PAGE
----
Though few of the persons who went to their death were permanent residents of this city, fully a score of them had relatives and friends and were well known in the city.  A number of them had spent Sunday here while others had been sojourning at the hotels in the Pike's Peak region for several days past.

John Bishop, architect in Pueblo, and his sister, Esther, have been identified among the dead.  Their cousin, Carrie Bishop of Hartford, Conn., who was with them on the train is among the missing.  This was a party who had spent a month at the Red Mountain cottages in Manitou.  It is a peculiarly sad case owing to the fact that Mrs. Bishop lost her husband in a railroad wreck last year.  The three were going home to make preparations for the return of the rest of the family.  Carrie Bishop is the only child of the widowed mother. 

A Very Sad Story.

The death of Miss Annie Pine of the Colorado Telephone company, is perhaps one of the saddest stories connected with the wreck.  She had been visiting her sister, Mrs. Weaver, of Colorado Springs, who for the last two or three weeks has been in a critical condition as the result of a surgical operation.  On Sunday she was so much improved that her sister decided to leave that night which she did only to meet death a short time later.  The physicians have hesitated telling Mrs. Weaver for fear of results which might ensue.

England Drowned.

George England, a brother of Frank England, was among those who met death in the wreck.  He was a resident of Pueblo, but was in the city yesterday visiting his brother, who is a lawyer with R. J. Bolles.  George England worked in this city at W. N. Burgess's store a short time ago.  He leaves a mother in Pueblo. Frank England left early yesterday to find out if his brother's body had been recovered, and if so to take charge of the remains.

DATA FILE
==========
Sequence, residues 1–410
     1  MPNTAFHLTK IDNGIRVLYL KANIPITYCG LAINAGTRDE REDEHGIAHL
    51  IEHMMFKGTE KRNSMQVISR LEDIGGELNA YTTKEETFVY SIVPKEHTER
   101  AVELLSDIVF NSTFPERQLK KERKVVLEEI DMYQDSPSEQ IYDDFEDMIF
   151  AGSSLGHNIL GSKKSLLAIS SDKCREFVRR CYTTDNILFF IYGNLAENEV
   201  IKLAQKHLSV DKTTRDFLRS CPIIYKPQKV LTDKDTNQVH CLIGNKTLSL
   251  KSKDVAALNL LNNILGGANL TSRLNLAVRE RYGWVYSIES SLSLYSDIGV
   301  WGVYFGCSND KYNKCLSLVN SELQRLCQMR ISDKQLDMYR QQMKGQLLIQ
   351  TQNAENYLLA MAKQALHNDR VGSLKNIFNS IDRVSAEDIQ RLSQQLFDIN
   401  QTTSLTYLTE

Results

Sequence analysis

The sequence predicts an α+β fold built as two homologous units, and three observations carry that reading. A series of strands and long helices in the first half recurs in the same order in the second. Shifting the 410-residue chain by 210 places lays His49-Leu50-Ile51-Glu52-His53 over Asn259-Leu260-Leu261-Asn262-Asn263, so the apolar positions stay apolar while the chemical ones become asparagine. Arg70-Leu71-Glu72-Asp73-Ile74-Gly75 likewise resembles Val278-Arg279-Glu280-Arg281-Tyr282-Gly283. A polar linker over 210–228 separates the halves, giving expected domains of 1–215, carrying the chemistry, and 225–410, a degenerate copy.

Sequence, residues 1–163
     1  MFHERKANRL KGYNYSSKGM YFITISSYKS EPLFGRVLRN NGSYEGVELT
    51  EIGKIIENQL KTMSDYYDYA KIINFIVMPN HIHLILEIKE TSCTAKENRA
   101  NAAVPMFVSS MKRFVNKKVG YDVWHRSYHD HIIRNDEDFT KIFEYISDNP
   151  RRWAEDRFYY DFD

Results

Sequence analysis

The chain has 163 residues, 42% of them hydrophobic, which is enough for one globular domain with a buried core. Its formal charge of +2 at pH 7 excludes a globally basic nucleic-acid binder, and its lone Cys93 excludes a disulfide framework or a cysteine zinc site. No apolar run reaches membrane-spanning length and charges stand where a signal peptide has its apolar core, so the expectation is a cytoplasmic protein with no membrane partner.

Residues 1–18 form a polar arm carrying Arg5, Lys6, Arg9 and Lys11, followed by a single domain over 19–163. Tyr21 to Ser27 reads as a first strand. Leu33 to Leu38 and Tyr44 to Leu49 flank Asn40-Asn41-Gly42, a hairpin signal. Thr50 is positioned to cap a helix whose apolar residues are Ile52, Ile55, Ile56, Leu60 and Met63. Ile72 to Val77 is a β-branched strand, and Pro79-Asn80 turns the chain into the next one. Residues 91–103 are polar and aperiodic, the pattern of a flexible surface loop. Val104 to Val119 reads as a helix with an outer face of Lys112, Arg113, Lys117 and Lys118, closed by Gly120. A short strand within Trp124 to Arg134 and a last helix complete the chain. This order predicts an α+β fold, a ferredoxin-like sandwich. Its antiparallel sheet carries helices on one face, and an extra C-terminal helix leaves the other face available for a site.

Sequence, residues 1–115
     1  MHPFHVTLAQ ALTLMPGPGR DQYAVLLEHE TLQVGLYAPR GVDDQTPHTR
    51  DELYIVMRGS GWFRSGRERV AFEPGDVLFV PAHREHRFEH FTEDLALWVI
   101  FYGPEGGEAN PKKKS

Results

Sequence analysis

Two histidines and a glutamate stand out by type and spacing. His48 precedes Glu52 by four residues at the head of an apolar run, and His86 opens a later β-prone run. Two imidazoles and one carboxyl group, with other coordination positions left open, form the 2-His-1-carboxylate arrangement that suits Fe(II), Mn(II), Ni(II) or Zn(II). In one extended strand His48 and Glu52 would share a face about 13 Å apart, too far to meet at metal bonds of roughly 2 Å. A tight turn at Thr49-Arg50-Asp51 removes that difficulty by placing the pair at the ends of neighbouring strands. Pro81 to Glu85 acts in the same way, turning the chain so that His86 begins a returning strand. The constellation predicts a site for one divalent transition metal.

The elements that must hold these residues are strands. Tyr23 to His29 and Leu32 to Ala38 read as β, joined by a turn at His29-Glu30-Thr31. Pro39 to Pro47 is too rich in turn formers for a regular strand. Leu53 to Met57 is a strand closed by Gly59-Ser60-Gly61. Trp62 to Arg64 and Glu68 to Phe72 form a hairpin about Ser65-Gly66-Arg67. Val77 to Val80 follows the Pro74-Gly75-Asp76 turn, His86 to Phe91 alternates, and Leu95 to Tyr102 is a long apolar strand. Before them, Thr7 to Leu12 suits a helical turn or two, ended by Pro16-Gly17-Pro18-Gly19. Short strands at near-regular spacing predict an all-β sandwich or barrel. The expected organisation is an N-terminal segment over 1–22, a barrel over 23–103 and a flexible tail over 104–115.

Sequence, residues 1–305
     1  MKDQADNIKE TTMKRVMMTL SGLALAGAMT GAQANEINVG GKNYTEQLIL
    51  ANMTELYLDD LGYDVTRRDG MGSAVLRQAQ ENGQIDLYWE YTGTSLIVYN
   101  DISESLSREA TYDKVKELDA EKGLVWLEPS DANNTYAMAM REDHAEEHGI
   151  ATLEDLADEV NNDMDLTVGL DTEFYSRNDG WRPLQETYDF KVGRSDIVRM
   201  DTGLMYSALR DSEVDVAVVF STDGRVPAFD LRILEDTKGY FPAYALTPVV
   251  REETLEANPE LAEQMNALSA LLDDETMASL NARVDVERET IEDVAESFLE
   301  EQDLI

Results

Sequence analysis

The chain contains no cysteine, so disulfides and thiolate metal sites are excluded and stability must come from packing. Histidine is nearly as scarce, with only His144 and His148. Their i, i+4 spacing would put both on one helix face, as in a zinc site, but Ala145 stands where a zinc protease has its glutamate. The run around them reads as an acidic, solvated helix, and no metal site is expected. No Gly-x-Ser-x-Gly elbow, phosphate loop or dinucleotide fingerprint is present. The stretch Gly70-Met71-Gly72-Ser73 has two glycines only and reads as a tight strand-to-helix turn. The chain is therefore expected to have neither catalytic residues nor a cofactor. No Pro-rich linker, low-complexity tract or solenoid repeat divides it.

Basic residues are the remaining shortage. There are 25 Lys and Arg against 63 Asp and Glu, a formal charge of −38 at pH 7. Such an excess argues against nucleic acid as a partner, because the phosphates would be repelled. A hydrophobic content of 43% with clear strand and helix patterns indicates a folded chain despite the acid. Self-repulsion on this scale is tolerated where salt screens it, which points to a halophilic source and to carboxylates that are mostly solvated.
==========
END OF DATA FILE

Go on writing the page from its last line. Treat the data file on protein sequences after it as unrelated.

Miss Florence Walker.

Miss Florence Walker, one of the Colorado Springs victims, was a sister of Mrs. Mary Gibson, 208 N. Wahsatch.  She was formerly employed at the Johnson Wilbur store in this city and was for a time cashier of the Giles Mercantile company, of Pueblo.  She was visiting her sister in this city on Sunday.  The body was brought to this city late last night.

Alexander Maxwell.

Alexander Maxwell, another of the flood victims, was a nephew of M. A. Kershaw, of 1304 South Tejon street.  He was formerly employed by the Out West Printing company in this city, and later went to the Chieftain in Pueblo.  He had been visiting his mother in Denver on Sunday.  The remains will probably be brought to Colorado Springs.

Mr. and Mrs. H. S. Gilbert.

Among the passengers were Mr. and Mrs. H. S. Gilbert, of Oklahoma City.  They had been visiting Mr. Gilbert's uncle, S. M. Proudfoot, at 309 East St. Vrain street.  Mr. Gilbert survived, but his wife is among the missing and it is feared that her name will be added to the long list of dead.  Mr. Gilbert is a Western Union wire chief at Oklahoma City.

Miss Wright and Niece.

Two of the drowned are Miss Irene Wright and her niece, Dorothy Johnson, daughter of Harry Johnson, the well-known merchant of Pueblo.  They had been visiting Miss Wright's sister, Mrs. Thomas Bayne, of 1215 Colorado avenue.

J. M. Killin.

A marvelous escape was that of J. M. Killin, of Pueblo.  He was in a car that went down the stream, but he managed to get out in safety to the shore.  He has a few bruises and cuts.  Mr. Killin was in the city on Saturday, and refereed the shoot between J. W. Garrett and Joe Rohrer. J. M. Killin's family are at the Scott cottage on Canon avenue in Manitou and spent many anxious hours on Monday until definite word was received of the father's safety.

Were Visitors.

H. G. Crabbe and Miss Duncan of Salt Lake City who were saved in the wreck were visitors in Colorado Springs on Sunday.  By a rather strange coincidence they came very near missing the train and only boarded it as it was pulling out of the station.

Feels Grateful.